LAKE Garda is a magical place for a holiday and a great area for Italian wines.
September is probably a good time to visit as the crowds are some what less and the winter sports villages in the upper valleys alongside are almost deserted.
If you’ve got a car there are several fine and popular vineyard areas to visit.
Garda is surrounded by three regions - Lombardy to the west and south, Veneto to the east and Trentino-Alto Adige to the north.
Starting with whites, probably the best white near the lake is Lugana made from Trebbiano di Lugana grown just in Lombardy to the south of Garda:
Lugana Cà del Frati 2018, Sirmione, Del Cero Family 13.5pc (The Wine Society £13.95) Has a fresh perfume of white flowers, peaches and ripe lemons. On the palate, it has excellent depth and balance, with lovely richness and a crisp, lively finish.
Zenato Villa Flora Lugana 2018, Veneto 13pc (Waitrose £11.99) Delicately floral nose with an appley, creamy palate, good length.
Further east in the hilly area around Verona is Soave made from the Garganega grape. In the past we have had some poor Soave which gave it a bad reputation but made well Soave Classico produces a slightly oily, nutty, honeyed wine. Scrumptious.
Soave Classico Castel Cerino, Coffele 2017 12.5pc (The Wine Society £9.75) A nice nutty, scented wine.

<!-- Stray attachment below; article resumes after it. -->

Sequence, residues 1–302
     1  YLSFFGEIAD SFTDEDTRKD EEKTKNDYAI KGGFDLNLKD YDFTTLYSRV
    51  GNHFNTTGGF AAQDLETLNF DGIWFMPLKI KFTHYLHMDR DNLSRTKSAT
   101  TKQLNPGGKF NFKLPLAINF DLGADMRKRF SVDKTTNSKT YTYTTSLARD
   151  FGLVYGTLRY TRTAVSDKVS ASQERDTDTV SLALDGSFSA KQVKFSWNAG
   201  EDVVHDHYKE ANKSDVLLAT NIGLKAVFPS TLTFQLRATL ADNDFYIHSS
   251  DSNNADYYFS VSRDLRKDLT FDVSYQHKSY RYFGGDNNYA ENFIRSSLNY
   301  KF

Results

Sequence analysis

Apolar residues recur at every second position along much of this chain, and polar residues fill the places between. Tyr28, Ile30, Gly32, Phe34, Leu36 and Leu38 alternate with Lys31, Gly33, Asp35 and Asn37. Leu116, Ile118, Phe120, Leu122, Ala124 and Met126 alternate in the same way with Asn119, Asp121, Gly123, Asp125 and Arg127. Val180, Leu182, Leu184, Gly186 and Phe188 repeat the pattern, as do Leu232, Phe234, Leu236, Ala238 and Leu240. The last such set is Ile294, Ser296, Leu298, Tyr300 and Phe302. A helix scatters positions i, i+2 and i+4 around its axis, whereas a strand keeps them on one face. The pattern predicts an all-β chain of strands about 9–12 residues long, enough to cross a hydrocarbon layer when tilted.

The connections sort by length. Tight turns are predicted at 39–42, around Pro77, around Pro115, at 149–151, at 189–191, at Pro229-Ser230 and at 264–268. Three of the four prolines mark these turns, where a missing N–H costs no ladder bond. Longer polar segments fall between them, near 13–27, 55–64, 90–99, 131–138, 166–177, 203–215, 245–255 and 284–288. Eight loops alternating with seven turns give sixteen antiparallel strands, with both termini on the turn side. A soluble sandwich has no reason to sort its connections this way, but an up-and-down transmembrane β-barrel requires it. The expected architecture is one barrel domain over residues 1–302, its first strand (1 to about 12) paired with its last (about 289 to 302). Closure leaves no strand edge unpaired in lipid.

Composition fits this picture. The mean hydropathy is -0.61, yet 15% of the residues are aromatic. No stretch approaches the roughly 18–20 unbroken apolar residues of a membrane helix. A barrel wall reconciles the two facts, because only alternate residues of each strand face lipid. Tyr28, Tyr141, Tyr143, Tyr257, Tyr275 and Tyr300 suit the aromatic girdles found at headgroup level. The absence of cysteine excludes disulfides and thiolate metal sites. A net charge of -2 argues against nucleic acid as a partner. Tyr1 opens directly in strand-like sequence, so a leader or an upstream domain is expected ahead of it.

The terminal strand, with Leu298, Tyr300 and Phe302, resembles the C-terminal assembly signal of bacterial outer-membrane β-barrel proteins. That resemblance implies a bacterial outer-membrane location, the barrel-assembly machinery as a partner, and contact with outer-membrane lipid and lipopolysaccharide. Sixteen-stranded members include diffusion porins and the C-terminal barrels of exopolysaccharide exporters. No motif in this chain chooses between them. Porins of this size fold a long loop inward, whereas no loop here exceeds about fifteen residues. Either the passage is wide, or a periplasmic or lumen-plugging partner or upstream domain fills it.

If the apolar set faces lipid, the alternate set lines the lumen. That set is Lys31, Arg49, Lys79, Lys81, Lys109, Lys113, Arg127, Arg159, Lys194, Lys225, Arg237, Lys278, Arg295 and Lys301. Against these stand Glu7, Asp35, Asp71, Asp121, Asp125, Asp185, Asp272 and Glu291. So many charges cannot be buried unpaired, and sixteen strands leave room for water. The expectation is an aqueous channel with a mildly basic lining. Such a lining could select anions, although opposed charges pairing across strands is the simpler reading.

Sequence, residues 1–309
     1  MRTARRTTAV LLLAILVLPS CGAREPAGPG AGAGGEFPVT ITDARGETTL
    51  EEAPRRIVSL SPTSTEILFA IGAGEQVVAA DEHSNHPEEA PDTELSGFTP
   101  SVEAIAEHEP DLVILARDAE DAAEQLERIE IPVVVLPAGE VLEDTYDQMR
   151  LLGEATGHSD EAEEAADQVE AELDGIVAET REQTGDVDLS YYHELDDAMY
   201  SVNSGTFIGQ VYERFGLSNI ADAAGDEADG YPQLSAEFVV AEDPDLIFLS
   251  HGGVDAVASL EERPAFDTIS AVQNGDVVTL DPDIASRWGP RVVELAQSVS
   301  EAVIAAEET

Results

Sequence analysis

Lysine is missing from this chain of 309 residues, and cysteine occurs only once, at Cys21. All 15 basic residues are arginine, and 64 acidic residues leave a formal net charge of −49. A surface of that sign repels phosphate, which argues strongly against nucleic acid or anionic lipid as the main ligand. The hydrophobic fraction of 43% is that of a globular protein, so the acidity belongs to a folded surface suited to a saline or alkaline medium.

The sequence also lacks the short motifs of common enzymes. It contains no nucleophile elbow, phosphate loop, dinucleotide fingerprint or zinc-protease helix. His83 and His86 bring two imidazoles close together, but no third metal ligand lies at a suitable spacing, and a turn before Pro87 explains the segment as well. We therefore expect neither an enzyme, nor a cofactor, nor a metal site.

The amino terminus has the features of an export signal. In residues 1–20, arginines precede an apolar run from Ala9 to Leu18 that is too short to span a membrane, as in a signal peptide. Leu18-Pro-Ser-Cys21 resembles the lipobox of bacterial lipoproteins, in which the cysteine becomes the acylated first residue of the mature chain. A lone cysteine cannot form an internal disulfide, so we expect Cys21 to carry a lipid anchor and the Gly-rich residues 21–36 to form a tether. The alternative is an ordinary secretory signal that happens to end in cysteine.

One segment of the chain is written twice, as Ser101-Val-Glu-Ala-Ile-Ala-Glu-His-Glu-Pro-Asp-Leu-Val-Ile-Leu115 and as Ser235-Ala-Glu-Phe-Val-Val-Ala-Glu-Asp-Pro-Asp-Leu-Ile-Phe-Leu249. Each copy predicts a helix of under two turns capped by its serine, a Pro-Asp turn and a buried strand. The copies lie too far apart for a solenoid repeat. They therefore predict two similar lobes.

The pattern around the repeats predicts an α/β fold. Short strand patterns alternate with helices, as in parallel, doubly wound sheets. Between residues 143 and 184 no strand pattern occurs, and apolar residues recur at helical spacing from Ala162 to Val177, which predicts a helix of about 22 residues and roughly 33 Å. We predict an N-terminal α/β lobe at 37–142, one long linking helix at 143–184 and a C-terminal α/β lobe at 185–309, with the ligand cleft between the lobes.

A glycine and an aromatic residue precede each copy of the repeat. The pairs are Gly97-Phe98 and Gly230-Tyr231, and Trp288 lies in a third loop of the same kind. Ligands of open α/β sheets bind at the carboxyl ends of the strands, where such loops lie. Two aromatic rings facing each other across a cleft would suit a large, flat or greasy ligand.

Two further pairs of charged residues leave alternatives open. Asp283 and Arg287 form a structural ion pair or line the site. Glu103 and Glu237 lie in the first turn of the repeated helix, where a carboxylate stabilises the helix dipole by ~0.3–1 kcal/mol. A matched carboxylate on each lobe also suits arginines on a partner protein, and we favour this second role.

Foscarina Soave Classico 2017, Allessandro Donà 13pc (M&S £11.50). Elderflower and honeysuckle nose, and a little oak ageing adds some honeyed notes.
Soave 2018 Società Agricola Fattori, Terrosse di Ronca 12.5pc (Majestic £11.99, £9.99 mixed 6)
Tesco Finest Soave Superiore Classico DOCG 13pc (£7.50 Cantine di Monteforte) Partially aged in oak for 10 months, its mineral character is balanced with layers of ripe citrus and stone fruit flavours.
Morrisons The Best Soave Classico 2016 13pc (£6.50) Cheap and refreshing with flavours of peach, apple and citrus. Almond blossom nose.
Now for some reds. Bardolino, on the eastern edge of Garda in the Veneto is known for its light reds using the same grape varieties as Valpolicella, but some are now a little more serious. Often drunk slightly chilled. Lovely with any Mediterranean-style dish or on its own:
Bardolino 2017, Allegrini, Tenuta di Naiano 12.5pc (Majestic £11.99 £9.99 mixed 6) One of my favourites. Made from Corvina and Rondinella this wine is light with a hint of cherry.
Recchia Bardolino 2018 Veneto 12.5pc (£7.99 Waitrose) Very soft. This refreshingly unoaked, light red is best served a little chilled and is all red cherry fruit, fresh acidity and gentle tannins.
Wine correspondent DAVID CLAY takes a look at the wines of Lake Garda and north east Italy.
Bardolino Le Fraghe 2018, Matilde Poggi 12.5pc (The Wine Society £11.50) Lovely, fragrant, refreshing, certified organic.
Cavalchina Bardolino 2017, Podere La Prendina Estate 12.5pc (M&S £9) Deliciously fruity with sweet berry aromas and fresh notes of pepper and spice. A blend of 65pc Corvina, 35pc Rondinella.
Botter Bardolino 2017, Fossalto Di Piave 12pc (Mitchells, Sheffield £8.69) This wine has a bright red colour and an elegant soft bouquet, fresh on the palate with plum and cherry notes.